By Philip Baczewski, senior director, University IT
April 17, 2017 – My thoughts have turned to rabbit ears just in time for the Easter holiday. However, the rabbit ears I'm thinking of are not the fuzzy kind, but the ones that used to sit on top of every "TV set" (that's what we called it) when I was a kid. What prompted this association was reading about the recent auction of some of the old TV broadcast spectrum for use by a new set of communication companies, all providing a digital, rather than analog, communication stream.
It may be time for a bit of nostalgia for some of us and a history lesson for those born after about 1985. In a time long ago and even before Facebook, television (TV) was an exclusively over-the-air broadcast medium. If you lived far from a broadcast tower, you might require a complex roof-top antenna to receive television broadcasts. But many who lived near enough to urban areas could get by with just the rabbit ears. In later years, the rabbit ears would even be built into some TVs.
TV was broadcast in two sets of radio frequency spectra, VHF and UHF. VHF were the stations with stronger signals given channel numbers 2 through 13. UHF channels were numbers 14 to 83 and were generally weaker in broadcast range and required a supplemental loop-shaped antenna to be received. Analog televisions had two dials, one to tune VHF and one to tune UHF signals. It should be noted that in these ancient times, one was required to stand up, move to the television, and physically turn a dial in order to change what was being viewed. We had yet to experience the life changing technology of the TV remote control which, like fire and the wheel, has forever altered the human experience.
Back to the future
Fast forward to 2009 whizzing past cable TV, VCRs, DVRs, and home satellite receivers, and the United States switches from analog TV broadcasts to exclusively digital TV broadcasts. After June 12, 2009, your old TV dials and rabbit ears were useless because over-the-air TV broadcasts were now in high definition and used an entirely different range of radio signals to carry the transmission. One result from this change was that the radio broadcast ranges that carried the old analog channels could be reused for other types of communication technologies.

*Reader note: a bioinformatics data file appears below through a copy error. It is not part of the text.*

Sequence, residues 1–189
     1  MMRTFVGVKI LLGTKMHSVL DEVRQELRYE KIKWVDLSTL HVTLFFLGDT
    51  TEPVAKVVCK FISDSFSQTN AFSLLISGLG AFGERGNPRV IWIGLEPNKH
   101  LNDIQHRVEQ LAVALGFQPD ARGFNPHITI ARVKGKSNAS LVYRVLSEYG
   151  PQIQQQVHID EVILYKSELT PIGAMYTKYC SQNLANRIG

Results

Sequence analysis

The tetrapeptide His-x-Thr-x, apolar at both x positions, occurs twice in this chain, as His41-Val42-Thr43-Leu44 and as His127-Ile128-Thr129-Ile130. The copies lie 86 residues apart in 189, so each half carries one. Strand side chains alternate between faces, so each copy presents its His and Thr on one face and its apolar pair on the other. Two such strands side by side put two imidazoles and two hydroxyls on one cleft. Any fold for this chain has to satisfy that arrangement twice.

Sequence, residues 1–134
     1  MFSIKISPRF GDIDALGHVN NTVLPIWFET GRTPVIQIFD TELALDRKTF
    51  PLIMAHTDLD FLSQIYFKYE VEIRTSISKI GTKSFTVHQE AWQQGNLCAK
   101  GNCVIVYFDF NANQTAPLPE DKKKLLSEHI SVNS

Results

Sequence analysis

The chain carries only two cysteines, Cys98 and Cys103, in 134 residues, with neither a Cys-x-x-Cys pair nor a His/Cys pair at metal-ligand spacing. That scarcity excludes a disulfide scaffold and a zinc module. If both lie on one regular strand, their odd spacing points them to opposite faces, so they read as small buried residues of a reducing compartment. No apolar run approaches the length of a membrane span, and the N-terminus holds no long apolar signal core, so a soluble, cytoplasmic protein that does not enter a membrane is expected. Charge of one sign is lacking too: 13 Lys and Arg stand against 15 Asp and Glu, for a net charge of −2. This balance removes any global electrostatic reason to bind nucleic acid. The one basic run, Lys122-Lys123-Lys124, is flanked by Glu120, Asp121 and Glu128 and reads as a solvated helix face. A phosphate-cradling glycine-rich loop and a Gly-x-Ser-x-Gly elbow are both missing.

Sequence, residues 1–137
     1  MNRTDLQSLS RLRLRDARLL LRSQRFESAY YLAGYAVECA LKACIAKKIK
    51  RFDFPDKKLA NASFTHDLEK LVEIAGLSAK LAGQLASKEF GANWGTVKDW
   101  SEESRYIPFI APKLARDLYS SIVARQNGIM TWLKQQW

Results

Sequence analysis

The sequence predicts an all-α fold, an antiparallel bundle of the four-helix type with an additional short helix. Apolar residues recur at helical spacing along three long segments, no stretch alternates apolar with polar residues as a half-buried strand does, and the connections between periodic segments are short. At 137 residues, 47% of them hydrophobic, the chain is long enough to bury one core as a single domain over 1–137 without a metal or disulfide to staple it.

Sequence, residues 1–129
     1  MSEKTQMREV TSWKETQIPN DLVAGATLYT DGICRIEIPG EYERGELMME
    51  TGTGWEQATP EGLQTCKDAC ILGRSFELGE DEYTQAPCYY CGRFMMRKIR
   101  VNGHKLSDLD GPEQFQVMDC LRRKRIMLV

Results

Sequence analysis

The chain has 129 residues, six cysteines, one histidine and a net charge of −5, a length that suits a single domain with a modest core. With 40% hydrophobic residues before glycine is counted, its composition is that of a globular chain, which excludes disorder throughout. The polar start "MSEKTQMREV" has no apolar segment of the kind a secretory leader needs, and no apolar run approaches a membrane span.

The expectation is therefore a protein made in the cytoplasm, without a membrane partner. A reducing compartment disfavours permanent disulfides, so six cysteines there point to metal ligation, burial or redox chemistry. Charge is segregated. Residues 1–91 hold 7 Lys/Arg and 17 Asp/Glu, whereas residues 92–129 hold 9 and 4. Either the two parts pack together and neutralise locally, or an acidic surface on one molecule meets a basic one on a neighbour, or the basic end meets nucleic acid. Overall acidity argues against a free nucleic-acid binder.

The U.S. Federal Communications Commission (FCC) held its first auction for these old TV station spectra in 2008. The 700 MHz band (UHF channels 52-69) was put up for sale resulting in major acquisitions by Verizon and AT&T. Both carriers developed their 4th generation LTE cellular networks to be carried on these frequencies. A more recent auction of the 600 MHz spectrum (channels 36-51) saw major acquisitions by T-Mobile, Dish Network, and Comcast. It seems likely that T-Mobile will follow the lead of AT&T and Verizon to expand and/or improve the coverage of their 4G network.
What's old is new again
Technological progress marches on and we may not even notice these shifts in broadcast usage. We see it as an increase in the availability or quality of digital information services, much of which is delivered through our hand-held mobile devices. Looking back, it seems like the switch to digital broadcast was a non event, with many people receiving their video media exclusively via cable or satellite TV services. But the radio spectrum has its usable limits, so something old has to give way to anything new.
Now even more content is being streamed from the internet and much of the time being received on mobile devices via cellular connections. The technology pendulum for video media has swung from broadcast in the radio spectrum, to a dominance of cable-based delivery, and now back into the same broadcast spectrum. I guess the old rabbit ears are as iconic to over-the-air TV as cats are to the current internet. Of course, rabbit ears could be really exasperating but at least they were never grumpy.